BUT… over the last few years our committee has slowly dwindled – we had four at our last meeting, and one of these is leaving. We have had no secretary for some time. Most seriously, Frank Ellam, our treasurer is leaving the area, and although the treasurer’s duties are not onerous, we can’t function without one.
In view of this situation, we are calling an open meeting in Stratherrick Hall, Gorthleck, on Monday 12th September at 7.30pm to discuss the Group’s future. Attendance at events suggests continuing interest in our Group, but we need more help with running it or closing it down may be the only option. Please do come along and offer us your help.
Alan Findlay, chair.
Louise Boreham’s presentation to us at Aldourie Castle on 22nd March was undoubtedly one of our highlight events. Before an audience of about fifty, Louise gave us a fascinating and thoroughly researched talk on the Aldourie Pottery in Dores (where the Parish Hall now stands), lavishly illustrated by the many images she has gathered over the years – and also several actual examples of Aldourie pots. She gave us much information too about the other potteries that Mary Fraser-Tytler and her artist husband GF Watts were involved in, at Compton near Guildford and Cumnock in Ayrshire – source of the clay for the potteries. It was sad that the Aldourie venture seemed to last only from 1900 to 1904 – though during that brief time Louise’s grandfather actually taught pottery classes at Aldourie, giving her the motive to find out more about this short-lived local industry.
How appropriate it was that Louise’s talk was delivered in Mary Fraser-Tytler’s childhood home of Aldourie Castle. We were delighted when Lavinia Turner, manager of the Aldourie Castle Estate, offered us the venue free! As well as comfortable seating (filled to capacity by our audience) in the great hall, tea, coffee, shortbread and biscuits were provided after the talk in a large sitting room, and both spaces were warmed by roaring fires. Indeed hospitality of the highest order – many thanks, Lavinia!
Iain Cameron, also a child of Aldourie Castle, gave an appropriate vote of thanks to both Louise and Lavinia.
From Glass to Clay and Lead to Steel a History of Stratherrick Gun Club a new book written by Margaret Fraser Knockcarroch Whitebridge detailing the local gun club in its various guises through the years from it inception in eighteen seventies as the Stratherrick Glass Ball to the present day as the Stratherrick Clay Target Club . The Book can be purchased directly from Margaret 01456486372 cost £7 + P& P where applicable
We had a packed hall on Tuesday 6th October – one of our best turnouts ever; thanks to everyone who came along. After the customary brief AGM at our autumn event, it was over to Morag MacNeill and Bob Main to tell us about the Gaelic words behind virtually all of the place-names in our area. Morag took us through the common Gaelic elements which make up place-names, like water features (rivers, lochs, etc), hill and lowland features, as well as common adjectives like colours, and then gave us examples of these in use in our local place-names. Bob managed the laptop and projector to illustrate Morag’s examples with maps and photographs.
Mistakes have crept in over the years due to printers and signwriters being unfamiliar with Gaelic: Loch Mhor should almost certainly be Loch Mor, which is the way everyone pronounces it. A sign at Inverfarigaig reads ‘Inverfarigaig River’, which actually means ‘mouth of the river farigaig river’! The sign should read simply ‘River Farigaig’. At the end of their presentation, Morag gave out a most useful handout, summarising the most common Gaelic words used in our place-names.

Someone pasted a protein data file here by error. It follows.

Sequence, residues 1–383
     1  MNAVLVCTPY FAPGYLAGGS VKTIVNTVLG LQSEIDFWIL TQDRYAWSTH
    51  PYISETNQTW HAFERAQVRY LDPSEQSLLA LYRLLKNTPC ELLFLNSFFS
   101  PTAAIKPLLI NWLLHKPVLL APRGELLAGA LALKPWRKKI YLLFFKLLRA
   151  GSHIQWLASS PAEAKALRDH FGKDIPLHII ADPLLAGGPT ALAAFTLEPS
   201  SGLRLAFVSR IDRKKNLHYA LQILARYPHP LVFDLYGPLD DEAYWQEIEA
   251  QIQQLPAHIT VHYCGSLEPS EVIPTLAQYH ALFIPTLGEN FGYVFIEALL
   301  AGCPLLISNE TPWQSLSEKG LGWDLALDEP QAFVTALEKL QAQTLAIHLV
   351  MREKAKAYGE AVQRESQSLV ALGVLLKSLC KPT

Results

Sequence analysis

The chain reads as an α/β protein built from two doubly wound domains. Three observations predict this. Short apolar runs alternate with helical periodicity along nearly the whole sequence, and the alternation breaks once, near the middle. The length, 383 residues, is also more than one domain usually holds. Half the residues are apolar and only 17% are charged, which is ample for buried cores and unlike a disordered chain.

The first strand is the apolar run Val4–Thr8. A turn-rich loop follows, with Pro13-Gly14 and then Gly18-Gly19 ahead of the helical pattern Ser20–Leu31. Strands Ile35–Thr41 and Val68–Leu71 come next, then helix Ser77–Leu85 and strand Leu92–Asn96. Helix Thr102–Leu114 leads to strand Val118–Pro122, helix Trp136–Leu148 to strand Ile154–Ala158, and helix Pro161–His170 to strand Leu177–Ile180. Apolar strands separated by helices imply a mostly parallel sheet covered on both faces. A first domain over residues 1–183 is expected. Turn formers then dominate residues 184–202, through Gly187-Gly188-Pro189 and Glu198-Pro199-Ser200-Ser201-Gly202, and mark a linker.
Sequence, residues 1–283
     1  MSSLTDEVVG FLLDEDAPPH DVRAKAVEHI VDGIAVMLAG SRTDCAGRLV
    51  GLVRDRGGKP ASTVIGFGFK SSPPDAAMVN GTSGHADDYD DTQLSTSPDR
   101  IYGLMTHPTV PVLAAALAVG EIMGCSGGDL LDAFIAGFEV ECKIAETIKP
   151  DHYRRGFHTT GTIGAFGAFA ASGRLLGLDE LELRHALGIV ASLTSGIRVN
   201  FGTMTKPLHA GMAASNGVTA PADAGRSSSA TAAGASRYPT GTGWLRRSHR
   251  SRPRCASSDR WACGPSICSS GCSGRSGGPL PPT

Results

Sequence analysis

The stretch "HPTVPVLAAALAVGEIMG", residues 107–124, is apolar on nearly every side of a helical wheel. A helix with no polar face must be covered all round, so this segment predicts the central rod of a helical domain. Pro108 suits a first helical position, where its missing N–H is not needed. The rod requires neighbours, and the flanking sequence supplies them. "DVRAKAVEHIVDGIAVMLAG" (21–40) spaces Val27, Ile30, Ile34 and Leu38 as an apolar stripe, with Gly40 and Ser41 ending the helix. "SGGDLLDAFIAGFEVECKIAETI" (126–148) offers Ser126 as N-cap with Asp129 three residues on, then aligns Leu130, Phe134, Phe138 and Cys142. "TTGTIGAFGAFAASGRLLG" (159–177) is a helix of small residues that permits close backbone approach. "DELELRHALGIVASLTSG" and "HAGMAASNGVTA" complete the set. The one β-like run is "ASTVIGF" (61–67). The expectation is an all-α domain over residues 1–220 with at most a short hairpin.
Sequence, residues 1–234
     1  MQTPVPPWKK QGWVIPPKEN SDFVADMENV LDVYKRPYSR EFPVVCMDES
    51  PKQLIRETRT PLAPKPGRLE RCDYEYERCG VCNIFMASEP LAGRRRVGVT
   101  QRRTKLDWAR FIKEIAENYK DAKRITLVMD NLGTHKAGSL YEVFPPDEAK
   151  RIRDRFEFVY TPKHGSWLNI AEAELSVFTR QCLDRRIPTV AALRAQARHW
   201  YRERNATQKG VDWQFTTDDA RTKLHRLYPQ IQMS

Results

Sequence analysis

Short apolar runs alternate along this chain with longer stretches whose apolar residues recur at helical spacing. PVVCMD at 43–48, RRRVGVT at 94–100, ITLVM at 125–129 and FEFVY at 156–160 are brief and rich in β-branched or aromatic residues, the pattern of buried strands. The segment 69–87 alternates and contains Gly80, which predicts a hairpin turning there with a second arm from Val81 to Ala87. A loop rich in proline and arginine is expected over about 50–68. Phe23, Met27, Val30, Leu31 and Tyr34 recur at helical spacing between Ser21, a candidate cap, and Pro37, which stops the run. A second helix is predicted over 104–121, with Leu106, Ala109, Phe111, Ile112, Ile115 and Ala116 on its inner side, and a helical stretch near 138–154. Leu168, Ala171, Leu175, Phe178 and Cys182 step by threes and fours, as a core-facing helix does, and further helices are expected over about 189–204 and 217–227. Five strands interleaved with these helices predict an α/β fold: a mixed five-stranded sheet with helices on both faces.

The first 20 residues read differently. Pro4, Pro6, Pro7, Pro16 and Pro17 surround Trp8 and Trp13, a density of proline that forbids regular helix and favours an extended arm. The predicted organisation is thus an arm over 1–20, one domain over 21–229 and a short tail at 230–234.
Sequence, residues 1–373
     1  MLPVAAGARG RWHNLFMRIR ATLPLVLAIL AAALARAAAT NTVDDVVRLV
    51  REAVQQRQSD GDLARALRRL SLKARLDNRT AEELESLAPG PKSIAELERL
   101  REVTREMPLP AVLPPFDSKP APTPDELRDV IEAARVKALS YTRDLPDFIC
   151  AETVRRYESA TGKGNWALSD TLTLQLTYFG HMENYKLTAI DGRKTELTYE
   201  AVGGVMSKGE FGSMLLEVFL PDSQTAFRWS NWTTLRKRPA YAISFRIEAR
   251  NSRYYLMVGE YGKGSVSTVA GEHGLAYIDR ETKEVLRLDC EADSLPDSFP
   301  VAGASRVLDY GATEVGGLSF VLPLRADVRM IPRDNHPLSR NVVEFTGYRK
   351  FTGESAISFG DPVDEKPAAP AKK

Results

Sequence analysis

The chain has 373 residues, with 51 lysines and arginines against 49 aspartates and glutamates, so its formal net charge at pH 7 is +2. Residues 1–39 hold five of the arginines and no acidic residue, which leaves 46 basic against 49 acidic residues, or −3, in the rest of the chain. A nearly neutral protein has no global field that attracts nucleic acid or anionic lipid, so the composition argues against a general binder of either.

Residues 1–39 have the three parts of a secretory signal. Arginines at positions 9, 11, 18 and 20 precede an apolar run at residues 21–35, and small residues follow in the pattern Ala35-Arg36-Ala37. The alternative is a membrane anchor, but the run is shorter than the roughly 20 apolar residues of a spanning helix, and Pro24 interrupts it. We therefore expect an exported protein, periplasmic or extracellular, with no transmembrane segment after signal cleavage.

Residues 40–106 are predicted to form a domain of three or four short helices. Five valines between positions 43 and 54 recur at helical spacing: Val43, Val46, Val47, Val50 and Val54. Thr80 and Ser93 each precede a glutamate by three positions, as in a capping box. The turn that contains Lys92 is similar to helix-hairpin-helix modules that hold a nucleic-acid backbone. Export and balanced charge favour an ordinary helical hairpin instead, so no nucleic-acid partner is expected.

Language is such an important part of who we are and where we live – our identity and history – and we must thank Morag and Bob for showing us the Gaelic heritage of our beautiful and historic part of the world. The link below will take you to Morag’s handout explaining the Gaelic words used in our place-names. LINK TO HANDOUT
The Group’s next event will be our summer outing. This year it will take the form of a guided tour of Fort George, on Wednesday, 15th July 2015 at 3pm; a great chance to see round this fort, built to help ‘pacify’ the Highlands after the Jacobite uprisings, replacing the original Fort George on the site of today’s Inverness Castle. The Wade roads which run through South Loch Ness were built to connect Fort George to Fort Augustus and Fort William. We will have the benefit of a knowledgeable guide.
If you’d like to join us, please let Alan know (email@example.com; 01463 751258). The entrance charges ares £8.50 adults and £6.80 concessions – reduced from last year – and there will be a 10% discount if our numbers are 11 or more. We will meet promptly at three, at the Visitors’ Car Park, Fort George, just a couple of miles beyond Ardersier. If you’d like a lift, contact Alan on the contact details above.
Hope to see you there!
Regrettably the Boleskine Bulletin last ever issue after 17 years was Winter 2014. The Heritage Group was approached by committee of the Bulletin, with a view to having all the issues available to the public on the internet . We were delighted to accommodate this request. You can access them through the Library tab in a section called Boleskine Bulletin .
Before Anne Fraser gave her talk to the Heritage Group on 24th March, John Townshend chaired a brief AGM of the Wade Bridge Trust. Directors John Townshend, Bob Main and David Murray resigned and were re-elected. Current assets of the Trust were £10,264.25, and the meeting accepted the accounts. A major flood in November 2014 had taken a few cobbles from the bridge’s NW abutment, but grouting done in 2010 as ‘first aid’ saved the bridge from serious damage. It is hoped that further necessary work costed in 2010 at £250,000 can be carried out in stages once funding has been obtained. Fuller details can be found at https://southlochnessheritage.co.uk/wade-bridge-at-whitebridge/